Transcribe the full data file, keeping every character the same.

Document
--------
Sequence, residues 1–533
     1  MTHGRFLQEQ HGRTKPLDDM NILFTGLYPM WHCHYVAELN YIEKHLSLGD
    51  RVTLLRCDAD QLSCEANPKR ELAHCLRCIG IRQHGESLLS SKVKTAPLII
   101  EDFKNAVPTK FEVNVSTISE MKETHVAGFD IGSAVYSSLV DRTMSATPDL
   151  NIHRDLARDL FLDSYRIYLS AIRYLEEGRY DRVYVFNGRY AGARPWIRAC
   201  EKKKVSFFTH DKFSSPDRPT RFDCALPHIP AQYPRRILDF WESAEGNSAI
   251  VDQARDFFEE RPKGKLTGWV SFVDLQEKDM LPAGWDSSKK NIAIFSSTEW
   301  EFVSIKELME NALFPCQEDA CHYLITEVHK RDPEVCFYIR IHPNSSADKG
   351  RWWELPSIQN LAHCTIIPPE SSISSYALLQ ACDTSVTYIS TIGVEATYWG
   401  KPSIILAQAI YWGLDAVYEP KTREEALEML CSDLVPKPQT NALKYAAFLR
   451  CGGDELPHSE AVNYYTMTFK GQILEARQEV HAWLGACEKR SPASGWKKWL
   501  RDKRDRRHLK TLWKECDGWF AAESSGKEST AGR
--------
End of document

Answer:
Sequence, residues 1–533
     1  MTHGRFLQEQ HGRTKPLDDM NILFTGLYPM WHCHYVAELN YIEKHLSLGD
    51  RVTLLRCDAD QLSCEANPKR ELAHCLRCIG IRQHGESLLS SKVKTAPLII
   101  EDFKNAVPTK FEVNVSTISE MKETHVAGFD IGSAVYSSLV DRTMSATPDL
   151  NIHRDLARDL FLDSYRIYLS AIRYLEEGRY DRVYVFNGRY AGARPWIRAC
   201  EKKKVSFFTH DKFSSPDRPT RFDCALPHIP AQYPRRILDF WESAEGNSAI
   251  VDQARDFFEE RPKGKLTGWV SFVDLQEKDM LPAGWDSSKK NIAIFSSTEW
   301  EFVSIKELME NALFPCQEDA CHYLITEVHK RDPEVCFYIR IHPNSSADKG
   351  RWWELPSIQN LAHCTIIPPE SSISSYALLQ ACDTSVTYIS TIGVEATYWG
   401  KPSIILAQAI YWGLDAVYEP KTREEALEML CSDLVPKPQT NALKYAAFLR
   451  CGGDELPHSE AVNYYTMTFK GQILEARQEV HAWLGACEKR SPASGWKKWL
   501  RDKRDRRHLK TLWKECDGWF AAESSGKEST AGR